LUCIUS: Why don't you shut up about women, Mcnair. You're putting us off.
MCNAIR: Women have a perfect right to play a part in our movement, Lucius.
AMYCUS: Why are you always on about women, Mcnair?
MCNAIR: I want to be one.
MCNAIR: I want to be a woman. From now on, I want you all to call me 'Minerva'.
LUCIUS: What?!
MINERVA: It's my right as a man.
ALECTO: Well, why do you want to be Minerva, Mcnair?
MINERVA: I want to have babies.
LUCIUS: You want to have babies?!
MINERVA: It's every man's right to have babies if he wants them.
LUCIUS: But... you can't have babies.
MINERVA: Don't you oppress me.
LUCIUS: I'm not oppressing you, Mcnair. You haven't got a womb! Where's the foetus going to gestate?! You going to keep it in a box?!
MINERVA: [crying]
ALECTO: Here! I-- I've got an idea. Suppose you agree that he can't actually have babies, not having a womb, which is nobody's fault, not even the Muggles, but that he can have the right to have babies.
AMYCUS: Good idea, Alecto. We shall fight the Muggles for your right to have babies, brother. Sister. Sorry.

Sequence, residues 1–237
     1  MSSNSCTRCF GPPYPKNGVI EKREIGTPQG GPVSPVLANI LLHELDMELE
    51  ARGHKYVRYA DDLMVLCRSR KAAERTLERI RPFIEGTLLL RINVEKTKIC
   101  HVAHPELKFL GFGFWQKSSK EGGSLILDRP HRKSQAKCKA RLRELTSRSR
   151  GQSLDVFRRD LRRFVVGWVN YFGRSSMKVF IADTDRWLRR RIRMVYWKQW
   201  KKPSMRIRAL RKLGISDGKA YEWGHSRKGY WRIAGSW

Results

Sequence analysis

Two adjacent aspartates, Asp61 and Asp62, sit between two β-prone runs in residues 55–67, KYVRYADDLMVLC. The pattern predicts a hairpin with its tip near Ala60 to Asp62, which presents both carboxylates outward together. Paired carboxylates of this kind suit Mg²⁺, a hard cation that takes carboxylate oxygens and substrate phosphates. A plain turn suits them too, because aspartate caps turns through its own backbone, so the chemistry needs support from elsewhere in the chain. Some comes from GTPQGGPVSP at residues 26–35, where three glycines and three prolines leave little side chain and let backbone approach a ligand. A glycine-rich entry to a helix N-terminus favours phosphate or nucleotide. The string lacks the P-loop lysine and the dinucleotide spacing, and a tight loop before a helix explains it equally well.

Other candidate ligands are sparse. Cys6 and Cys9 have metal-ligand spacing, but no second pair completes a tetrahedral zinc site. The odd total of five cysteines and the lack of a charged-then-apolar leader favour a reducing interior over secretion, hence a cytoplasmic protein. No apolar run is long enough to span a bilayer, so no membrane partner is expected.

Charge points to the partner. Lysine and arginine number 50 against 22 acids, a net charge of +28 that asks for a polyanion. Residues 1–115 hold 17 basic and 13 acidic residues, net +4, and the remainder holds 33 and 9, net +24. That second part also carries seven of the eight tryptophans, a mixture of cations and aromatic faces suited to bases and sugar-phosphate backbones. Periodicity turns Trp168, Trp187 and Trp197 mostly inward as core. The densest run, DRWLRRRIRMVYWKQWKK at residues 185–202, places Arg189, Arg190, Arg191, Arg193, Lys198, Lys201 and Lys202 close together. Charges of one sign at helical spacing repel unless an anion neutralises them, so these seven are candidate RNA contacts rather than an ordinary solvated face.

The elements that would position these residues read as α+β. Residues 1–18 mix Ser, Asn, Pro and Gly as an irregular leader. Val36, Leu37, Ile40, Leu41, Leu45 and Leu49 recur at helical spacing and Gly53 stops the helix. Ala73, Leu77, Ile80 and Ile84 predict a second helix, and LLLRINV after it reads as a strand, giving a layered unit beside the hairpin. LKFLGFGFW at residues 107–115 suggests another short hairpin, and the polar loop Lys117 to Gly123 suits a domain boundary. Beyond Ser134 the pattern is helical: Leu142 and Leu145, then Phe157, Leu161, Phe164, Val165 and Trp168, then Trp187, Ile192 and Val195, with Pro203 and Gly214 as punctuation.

LUCIUS: What's the point?
LUCIUS: What's the point of fighting for his right to have babies when he can't have babies?!
AMYCUS: It is symbolic of our struggle against the Muggles.
LUCIUS: Symbolic of his struggle against reality.
[clap clap clap]
GUARD: Get out there.
MONGOLIAN: It's, um--
GUARD: Get out there.
MONGOLIAN: It's dangerous out there. Ah ah. Ah! Oh. [clap clap clap] [clank] Ooh.
CROWD: Aaah. Ohh...
SPECTATOR: What a load of rubbish.
BARTY: Popcorn. Chocolate buttons. Snickers.
LUCIUS: Got any pumpkin pasties?
BARTY: I haven't got any pumpkin pasties. Sorry. I've got popcorn, Mars bars--
LUCIUS: No, no, no.
BARTY: Potato wedges?
LUCIUS: I don't want any of that Muggle rubbish.